The Big 4’s new entry criteria and your graduate job application
EY: academic qualifications removed from its entry criteria
EY removed both UCAS and degree classification from its entry criteria in August 2015, meaning that a 2.2 or disappointing A level grades (lower than three Bs) will no longer get you automatically rejected from the application process. EY’s managing partner for talent, Maggie Stilwell, explains, ‘Our own internal research of over 400 graduates found that screening students based on academic performance alone was too blunt an approach to recruitment. It found no evidence to conclude that previous success in higher education correlated with future success in subsequent professional qualifications undertaken.’
PwC: farewell to the UCAS tariff
PwC scrapped the UCAS tariff as an entry criterion for its graduate scheme in July 2015. In placing too much emphasis on UCAS scores, PwC recruiters felt they were missing out on students from disadvantaged backgrounds, who may not have done well at school. Gaenor Bagley, board member and head of people at PwC, explains, ‘Removing the UCAS criteria will create a fairer and more modern system in which students are selected on their own merit, irrespective of their background or where they are from… By breaking down social barriers we will open the door to thousands of students who may have previously thought a graduate role with PwC was out of reach for them.’
The firm's graduate programme recruiters will continue to filter applications by university degree results, however.
As of 2016, KPMG has dropped its official UCAS requirements from 320 to 300 for graduate entry. Even if you don’t meet these requirements, however, the firm is keen to state that candidates will not be automatically rejected: ‘It’s not just your academic performance we are interested in, we will assess your application by combining a number of different factors including work experience and how you perform in our tests.’
In 2015 entry requirements for Deloitte also became more flexible – at both the top and the lower end of the academic scale (check its website for details). There are now nine services lines that will forgive a low number of UCAS points if you have a first class degree, and you can still be in the running with a 2.2 degree for six of the firm’s service lines – tax consulting, consulting, actuarial, financial advisory, forensic technology, and quantity surveying – if you have a high enough number of UCAS points. ‘We’re looking for graduates who we can develop to become the complete professional,’ said Rob Fryer, head of the firm’s student recruitment, while talking last year with the UK 300. In fact, the firm’s new flexible academics and its introduction of a critical thinking test (described as ‘a key 21st century skill’) as part of the selection process suggest that the firm has recognised that the ‘complete professional’ may not always start his or her career with top academic grades.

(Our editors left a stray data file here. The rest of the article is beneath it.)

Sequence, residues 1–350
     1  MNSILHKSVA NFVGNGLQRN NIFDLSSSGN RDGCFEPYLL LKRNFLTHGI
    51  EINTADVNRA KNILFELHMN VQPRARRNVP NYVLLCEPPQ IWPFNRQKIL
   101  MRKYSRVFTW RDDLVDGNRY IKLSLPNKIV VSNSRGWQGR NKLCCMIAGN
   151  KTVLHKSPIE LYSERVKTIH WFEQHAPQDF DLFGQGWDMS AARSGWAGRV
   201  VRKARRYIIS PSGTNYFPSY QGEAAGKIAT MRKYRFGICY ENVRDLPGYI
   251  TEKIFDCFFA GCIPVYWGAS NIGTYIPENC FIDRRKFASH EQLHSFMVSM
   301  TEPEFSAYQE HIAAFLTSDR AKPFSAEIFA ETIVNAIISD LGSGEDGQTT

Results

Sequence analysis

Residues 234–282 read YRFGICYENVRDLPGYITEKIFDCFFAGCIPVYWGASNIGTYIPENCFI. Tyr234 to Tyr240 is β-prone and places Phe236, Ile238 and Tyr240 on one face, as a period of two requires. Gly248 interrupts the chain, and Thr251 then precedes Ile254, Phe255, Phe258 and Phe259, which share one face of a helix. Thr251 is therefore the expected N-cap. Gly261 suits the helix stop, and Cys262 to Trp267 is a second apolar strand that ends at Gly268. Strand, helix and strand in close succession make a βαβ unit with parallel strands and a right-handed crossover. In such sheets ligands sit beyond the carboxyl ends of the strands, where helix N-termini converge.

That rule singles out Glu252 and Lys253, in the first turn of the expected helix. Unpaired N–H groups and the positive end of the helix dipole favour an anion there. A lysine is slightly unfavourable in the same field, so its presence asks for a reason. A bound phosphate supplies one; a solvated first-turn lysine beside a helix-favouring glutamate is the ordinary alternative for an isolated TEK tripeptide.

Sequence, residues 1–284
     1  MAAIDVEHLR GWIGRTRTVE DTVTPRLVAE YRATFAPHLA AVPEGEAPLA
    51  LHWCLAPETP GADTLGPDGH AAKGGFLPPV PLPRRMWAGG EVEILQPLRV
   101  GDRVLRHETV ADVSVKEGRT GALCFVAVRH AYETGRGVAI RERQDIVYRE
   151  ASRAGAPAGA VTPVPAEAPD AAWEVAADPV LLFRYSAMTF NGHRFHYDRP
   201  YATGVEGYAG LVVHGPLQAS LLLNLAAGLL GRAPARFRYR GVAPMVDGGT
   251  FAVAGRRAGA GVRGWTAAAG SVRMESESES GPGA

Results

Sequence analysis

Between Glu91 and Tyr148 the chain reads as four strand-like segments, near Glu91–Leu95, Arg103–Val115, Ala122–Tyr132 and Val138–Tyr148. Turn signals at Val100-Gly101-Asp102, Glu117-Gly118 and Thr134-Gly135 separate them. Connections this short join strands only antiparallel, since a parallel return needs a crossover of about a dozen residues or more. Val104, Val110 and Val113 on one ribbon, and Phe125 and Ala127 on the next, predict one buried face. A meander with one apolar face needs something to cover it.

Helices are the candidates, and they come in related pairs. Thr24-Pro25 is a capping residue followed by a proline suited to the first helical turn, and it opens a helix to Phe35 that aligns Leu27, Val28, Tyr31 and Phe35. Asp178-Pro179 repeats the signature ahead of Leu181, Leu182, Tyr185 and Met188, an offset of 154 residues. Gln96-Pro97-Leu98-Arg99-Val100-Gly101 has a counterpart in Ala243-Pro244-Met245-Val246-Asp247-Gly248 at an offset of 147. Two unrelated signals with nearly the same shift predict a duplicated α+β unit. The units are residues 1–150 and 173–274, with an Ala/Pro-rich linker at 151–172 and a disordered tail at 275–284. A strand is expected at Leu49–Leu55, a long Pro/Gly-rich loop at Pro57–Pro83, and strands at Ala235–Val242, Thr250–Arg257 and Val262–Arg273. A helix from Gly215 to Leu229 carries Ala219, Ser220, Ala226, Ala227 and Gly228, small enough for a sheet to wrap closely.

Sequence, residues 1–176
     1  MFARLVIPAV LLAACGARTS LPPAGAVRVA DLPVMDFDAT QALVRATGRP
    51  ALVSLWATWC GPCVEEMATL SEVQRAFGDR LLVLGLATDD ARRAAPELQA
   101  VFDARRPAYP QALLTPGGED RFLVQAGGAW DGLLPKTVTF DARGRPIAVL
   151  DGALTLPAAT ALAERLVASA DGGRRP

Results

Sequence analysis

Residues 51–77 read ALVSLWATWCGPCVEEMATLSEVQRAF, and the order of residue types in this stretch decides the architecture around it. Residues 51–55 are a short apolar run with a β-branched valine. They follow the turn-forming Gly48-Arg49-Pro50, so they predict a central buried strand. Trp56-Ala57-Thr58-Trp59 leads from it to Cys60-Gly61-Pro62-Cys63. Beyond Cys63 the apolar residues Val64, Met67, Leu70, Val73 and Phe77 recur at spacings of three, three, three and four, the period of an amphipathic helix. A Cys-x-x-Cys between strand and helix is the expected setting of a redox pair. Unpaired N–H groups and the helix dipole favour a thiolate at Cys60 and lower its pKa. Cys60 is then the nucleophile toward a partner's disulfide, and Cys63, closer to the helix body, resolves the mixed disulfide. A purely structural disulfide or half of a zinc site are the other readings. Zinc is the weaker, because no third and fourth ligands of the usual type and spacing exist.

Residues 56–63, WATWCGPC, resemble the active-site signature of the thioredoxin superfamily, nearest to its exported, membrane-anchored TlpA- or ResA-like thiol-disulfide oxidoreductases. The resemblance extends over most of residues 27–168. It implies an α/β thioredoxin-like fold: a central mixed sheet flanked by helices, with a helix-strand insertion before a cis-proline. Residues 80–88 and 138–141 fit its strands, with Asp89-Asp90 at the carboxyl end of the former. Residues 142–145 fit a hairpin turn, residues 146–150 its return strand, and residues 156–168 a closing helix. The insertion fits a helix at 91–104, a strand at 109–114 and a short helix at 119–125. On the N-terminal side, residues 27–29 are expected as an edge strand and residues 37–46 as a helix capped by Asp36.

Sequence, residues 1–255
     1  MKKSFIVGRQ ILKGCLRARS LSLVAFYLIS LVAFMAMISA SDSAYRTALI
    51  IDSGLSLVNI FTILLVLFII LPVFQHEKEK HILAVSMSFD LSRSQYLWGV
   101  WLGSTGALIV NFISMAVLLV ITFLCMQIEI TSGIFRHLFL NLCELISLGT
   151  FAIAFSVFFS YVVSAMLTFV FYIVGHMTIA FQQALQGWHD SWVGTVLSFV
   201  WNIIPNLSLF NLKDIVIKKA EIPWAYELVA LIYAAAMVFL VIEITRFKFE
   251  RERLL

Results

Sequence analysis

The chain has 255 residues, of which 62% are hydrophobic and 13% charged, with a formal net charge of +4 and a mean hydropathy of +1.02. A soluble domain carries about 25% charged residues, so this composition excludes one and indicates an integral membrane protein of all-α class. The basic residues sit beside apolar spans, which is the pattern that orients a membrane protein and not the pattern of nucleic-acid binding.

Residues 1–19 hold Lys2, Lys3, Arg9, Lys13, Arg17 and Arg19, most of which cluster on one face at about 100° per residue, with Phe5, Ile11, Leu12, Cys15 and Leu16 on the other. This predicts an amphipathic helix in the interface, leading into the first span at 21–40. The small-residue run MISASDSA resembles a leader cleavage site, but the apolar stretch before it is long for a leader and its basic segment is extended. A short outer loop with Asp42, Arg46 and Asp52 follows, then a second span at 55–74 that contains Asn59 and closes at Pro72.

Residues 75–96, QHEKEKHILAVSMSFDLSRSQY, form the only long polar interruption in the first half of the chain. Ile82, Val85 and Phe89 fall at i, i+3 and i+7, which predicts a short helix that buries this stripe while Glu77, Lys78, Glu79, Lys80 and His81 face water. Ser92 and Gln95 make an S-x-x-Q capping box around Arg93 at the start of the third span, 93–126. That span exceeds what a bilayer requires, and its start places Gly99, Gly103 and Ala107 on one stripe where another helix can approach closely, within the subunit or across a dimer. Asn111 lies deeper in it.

What these changes mean for you
If you achieved a less than stellar degree result, or if you have a low UCAS score, the above is clearly good news. It’s up to you to make sure that during the application process you highlight the aspects of your personal or professional life that demonstrate to recruiters that you’ve got what it takes despite not having achieved high academic results.
But what does this mean if you’re a graduate with a good UCAS score and a 2.1? First, take heart: your academic grades have not become meaningless. As EY’s Maggie Stilwell explains, they are ‘still an important consideration when assessing candidates as a whole, but will no longer act as a barrier to getting a foot in the door’. However, it is undeniable that you will now be competing with a wider pool than you did previously, so you need to be on the ball. All the great advice TARGETjobs offers about successful applications (beyond your academic grades) is more relevant than ever.
In a nutshell, whatever your academic record, it’s essential that you demonstrate to recruiters that you’ve got the competencies or qualities the firm is looking for, relate any skills you’ve developed during work experience or from your time at university to the role that’s on offer, be your best self at interviews and complete assessments to the best of your ability. Check out the advice in the articles below to find out how to shine above and beyond (or despite) your grades.